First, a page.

Other than the business entities mentioned above, there are some others that use the abbreviations – Co, Ltd, Inc and LLC. In fact, the following list contains examples of endings which all apply to “general corporations” having shareholders, directors and officers: Inc., Co., Corp., and Ltd. These all indicate the business is a corporation. Incidentally, some states allow an LLC or Limited Partnership to use “Ltd.”

Let us get into this to understand all the business entities better and the abbreviations they use with their business names:

Close corporation

A close corporation is a form of Corporation designed to cut through some of the corporate separation between the stockholders and officers. These corporations are allowed to eliminate the board of directors. Close corporation laws also limit the number of stockholders allowed. Historically, this was only to be used with family businesses. It is old-fashioned since most family businesses today instead form an LLC if they are not comfortable with the rigid hierarchy of a corporation.

S corp and C corp 

S-corp and C-corp are not different forms of corporations at the state level. Instead, those are just tax elections made with the IRS and Division of Revenue after the corporation is formed. The S-corp or C-corp is not a designation filed with the Division of Corporations at the state level. Instead, when a corporation is formed, it is defaulted to the C-corp status. To elect an S-corp, you should file IRS Form 2553 with the IRS within 75 days of incorporating or within 75 days of the beginning of the calendar year.

S Corp and C Corp

B corp

Another one of the many business entities available is the B-corp, which is a B-Lab certification that can be applied for on behalf of certain entities that provide larger social benefits other than maximizing profits. Similarly, there is another one called the “Public Benefit Corporation”, which is a corporation that can provide stated public benefits. This is really nothing but a regular for-profit corporation where the corporation is allowed to give away to or benefit other causes and concerns consistent with its Certificate of Incorporation without risk of stockholder lawsuits for waste of corporate assets.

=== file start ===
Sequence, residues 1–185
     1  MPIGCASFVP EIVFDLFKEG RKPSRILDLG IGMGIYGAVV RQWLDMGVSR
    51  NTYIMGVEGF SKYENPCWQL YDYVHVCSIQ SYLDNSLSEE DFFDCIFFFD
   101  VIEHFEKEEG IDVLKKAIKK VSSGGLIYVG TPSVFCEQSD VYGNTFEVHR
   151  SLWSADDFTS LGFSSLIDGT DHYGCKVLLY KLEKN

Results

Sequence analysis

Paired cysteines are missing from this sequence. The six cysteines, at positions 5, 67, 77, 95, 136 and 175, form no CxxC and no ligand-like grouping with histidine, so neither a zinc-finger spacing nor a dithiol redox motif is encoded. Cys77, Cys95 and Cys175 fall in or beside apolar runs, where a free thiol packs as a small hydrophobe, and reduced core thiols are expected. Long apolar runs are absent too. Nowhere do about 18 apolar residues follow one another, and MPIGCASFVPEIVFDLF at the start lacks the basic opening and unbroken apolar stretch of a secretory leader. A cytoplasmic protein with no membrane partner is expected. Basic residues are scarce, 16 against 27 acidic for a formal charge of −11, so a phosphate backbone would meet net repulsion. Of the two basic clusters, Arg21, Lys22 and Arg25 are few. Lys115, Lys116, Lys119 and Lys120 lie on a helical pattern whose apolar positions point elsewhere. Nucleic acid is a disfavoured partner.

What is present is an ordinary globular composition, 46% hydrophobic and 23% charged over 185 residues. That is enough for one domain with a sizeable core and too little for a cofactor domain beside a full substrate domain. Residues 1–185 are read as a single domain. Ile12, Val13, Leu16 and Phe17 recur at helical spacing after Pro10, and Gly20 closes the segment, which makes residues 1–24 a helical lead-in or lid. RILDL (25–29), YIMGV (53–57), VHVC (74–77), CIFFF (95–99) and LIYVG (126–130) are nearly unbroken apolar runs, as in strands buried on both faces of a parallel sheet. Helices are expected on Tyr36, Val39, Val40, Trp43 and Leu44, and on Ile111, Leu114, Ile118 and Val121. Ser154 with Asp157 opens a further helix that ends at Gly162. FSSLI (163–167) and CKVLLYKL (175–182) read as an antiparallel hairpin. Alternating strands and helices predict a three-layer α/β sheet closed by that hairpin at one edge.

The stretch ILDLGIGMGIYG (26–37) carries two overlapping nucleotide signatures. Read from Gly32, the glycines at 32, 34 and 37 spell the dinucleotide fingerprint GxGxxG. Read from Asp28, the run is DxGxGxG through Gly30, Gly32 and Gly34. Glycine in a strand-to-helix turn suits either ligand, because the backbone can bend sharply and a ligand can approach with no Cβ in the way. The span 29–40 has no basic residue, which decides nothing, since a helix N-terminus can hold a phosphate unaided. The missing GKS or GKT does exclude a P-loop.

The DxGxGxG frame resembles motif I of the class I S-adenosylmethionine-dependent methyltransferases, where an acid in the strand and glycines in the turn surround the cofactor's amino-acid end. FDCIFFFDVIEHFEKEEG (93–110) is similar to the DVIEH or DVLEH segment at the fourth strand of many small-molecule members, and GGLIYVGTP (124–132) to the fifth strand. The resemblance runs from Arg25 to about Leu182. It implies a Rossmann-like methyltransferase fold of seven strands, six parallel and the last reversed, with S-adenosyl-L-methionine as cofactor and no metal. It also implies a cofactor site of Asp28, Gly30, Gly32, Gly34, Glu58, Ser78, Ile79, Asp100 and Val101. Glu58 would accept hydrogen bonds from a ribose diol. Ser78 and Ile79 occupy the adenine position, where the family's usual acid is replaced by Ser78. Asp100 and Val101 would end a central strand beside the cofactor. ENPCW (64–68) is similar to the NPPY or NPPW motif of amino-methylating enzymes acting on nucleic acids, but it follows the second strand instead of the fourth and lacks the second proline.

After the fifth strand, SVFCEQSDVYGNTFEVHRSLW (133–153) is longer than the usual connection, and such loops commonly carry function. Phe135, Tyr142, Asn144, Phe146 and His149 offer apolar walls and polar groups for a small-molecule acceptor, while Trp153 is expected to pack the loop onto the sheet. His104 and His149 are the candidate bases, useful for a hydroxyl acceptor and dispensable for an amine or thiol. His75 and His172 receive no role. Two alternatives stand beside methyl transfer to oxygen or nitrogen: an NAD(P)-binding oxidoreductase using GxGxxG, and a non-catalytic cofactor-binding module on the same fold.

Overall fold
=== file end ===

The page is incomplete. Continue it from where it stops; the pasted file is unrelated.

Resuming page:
Non profit corporation

There is also an option to open a not-for-profit corporation, which is a type of non-stock corporation. Usually these are organized as public charities or private foundations. They do not have stock and instead are run by members through a board of directors. If a non-stock corporation applies for tax exemption by filing IRS Form 1023 and receives a tax determination letter, it can accept donations tax deductible to its donors as an IRS-approved 501(c)(3) corporation.

Statutory trust

Another one of the business entities is the Statutory Trusts, which was formerly known as “Business Trusts”. These are entities which function much like traditional trusts with beneficiaries and trustees. These are flexible and governed by a Trust Agreement. They are not recommended for most business purposes because they require a Delaware headquartered Trustee.

Start your LLC or Inc – IncParadise can help you! 

Aside from choosing the entity, you also need to choose the state of incorporation. Since the law where your business is located may not be favorable to your company, such as California, Delaware and Nevada. Choosing to incorporate in Delaware may help resolve problems with ownership disputes and other issues down the road. Delaware is known for having the best corporate laws and courts to resolve ownership and management disputes. Moreover, the shield of Delaware business law tends to better protect owners and managers from lawsuits.

So, have you been thinking of starting your business by selecting one of the business entities available? IncParadise can help you incorporate in all 50 States. Just select the right state for incorporation and your business entity. We will then help you in starting your business here. We also offer the registered agent service and have incorporated thousands of companies here. So, what are you waiting for? Contact us today to have your company incorporated soon.